Freaking Out About Fraud

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2019 Issue Three
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Freaking Out About Fraud

By: Evan Kirkham

Perhaps nothing is as horrifying as identity theft and credit card fraud. The stress can begin in any number of ways—noticing a handful of unauthorized charges on your credit card, receiving a “Notice of Overdue Account” in your mailbox, or being denied financing at the car dealership. Identities and banking information can be compromised by theft of a wallet, interception of incoming mail, appropriation of credit card credentials, or phishing. Panic is natural, but protecting your credit score requires a rapid and deliberate response.

In the first instance, the victim must take initiative—attempting to track down the thief, freezing their active accounts, and preventing any further fraud. After, the victim should consider engaging legal representation—investigating whether the credit reporting agencies fulfilled their statutory obligations and, if not, pursuing an award of damages.

Without any legal assistance, victims can take a number of immediate actions to stop the bleeding: (1) close and cancel preexisting and new unauthorized accounts by speaking with a representative in the security or fraud department of the coordinate financial institution; (2) obtain an identity theft affidavit from the financial institution once the account(s) have been closed and debts discharged; (3) file an identity theft report with the police department in the municipalities where the theft occurred (this report may later be required by the financial institutions discharging the debt); (4) obtain a credit report from the three main credit reporting agencies (Experian, Equifax, TransUnion) to help create a timeline of events; and (5) request that the reporting agencies place fraud alerts on the victim’s credit report.

Once a victim has regained control of her credit, legal action may be taken to ensure credit reporting agencies have conducted a full investigation and have deleted any information demonstrably procured by fraud. The process is statutory. In 1971, the United States Congress passed the Fair Credit Reporting Act (FCRA). The FCRA established a credit reporting code of conduct aimed at protecting the victims of identity theft from inaccurate reporting. The FCRA’s protections include: (1) remedies for the reporting of obsolete information; (2) verification and reinvestigation of information; (3) free access to credit files; (4) expedited dispute resolution; and (5) enhanced enforcement powers for the Federal Trade Commission. Credit reporting agencies are required to prevent the reporting of information related to disputed incidents, unless and until the dispute is settled.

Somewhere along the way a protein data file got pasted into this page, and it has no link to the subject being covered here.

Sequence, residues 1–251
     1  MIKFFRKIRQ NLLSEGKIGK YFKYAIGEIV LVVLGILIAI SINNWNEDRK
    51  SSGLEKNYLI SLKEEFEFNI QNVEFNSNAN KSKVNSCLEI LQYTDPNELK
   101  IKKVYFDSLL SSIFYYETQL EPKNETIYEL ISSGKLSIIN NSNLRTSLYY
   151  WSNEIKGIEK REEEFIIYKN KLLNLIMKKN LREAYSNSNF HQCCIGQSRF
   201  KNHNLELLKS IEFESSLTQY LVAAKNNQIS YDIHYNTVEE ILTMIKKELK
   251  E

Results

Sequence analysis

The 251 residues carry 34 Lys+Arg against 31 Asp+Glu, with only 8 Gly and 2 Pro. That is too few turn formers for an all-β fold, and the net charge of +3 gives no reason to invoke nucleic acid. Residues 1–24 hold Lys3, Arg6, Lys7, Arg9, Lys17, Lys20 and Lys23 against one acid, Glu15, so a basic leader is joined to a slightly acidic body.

Pursuant to the FCRA, victims of identity theft are empowered to hold credit reporting agencies and furnishers of credit information liable for failing to comply with the FCRA or any other statutory obligation. However, the victim will have to prove that the agency was negligently or willfully noncompliant. As such, if a credit reporting agency negligently or deliberately fails to investigate the completeness or accuracy of the disputed information, or otherwise fails to delete inaccurate information, it may be held liable for actual damages (including mental damages) and attorney’s fees. Still, if the consumer is able to prove that the reporting agency willfully violated the FCRA, she may recover additional “punitive” damages.

However, the victim must be able to prove that the credit agency’s lack of diligence actually caused some measurable harm. Victims are often hard-pressed to identify how they were injured—only citing their lowered credit score. More is required. Victims who have sought and have been denied financing for a new home, car, or student loans, have a much stronger case. For example, if the victim was initially denied financing for the purchase a new home because of inaccurate information on her credit report, only later curing the report, securing financing, and purchasing the home for a higher price, the credit reporting agency could be held liable for the difference in the purchase price. Note however, lawsuits against credit reporting agencies can be costly, especially considering that the duties imposed on the reporting agencies are typically judged by a standard of reasonableness—a question normally reserved for trial.

Identity theft and credit card fraud is certainly frightening. Indeed, it can take years to recover an identity and repair a damaged credit score after discovering the theft has occurred. But there is hope for victims who act quickly to prevent further fraud and hold reporting agencies responsible for the perpetuation of misinformation. Congress has provided victims with all the tools to recover their identities and get back to some sense of normalcy. Freak outs are expected. Diligence is required.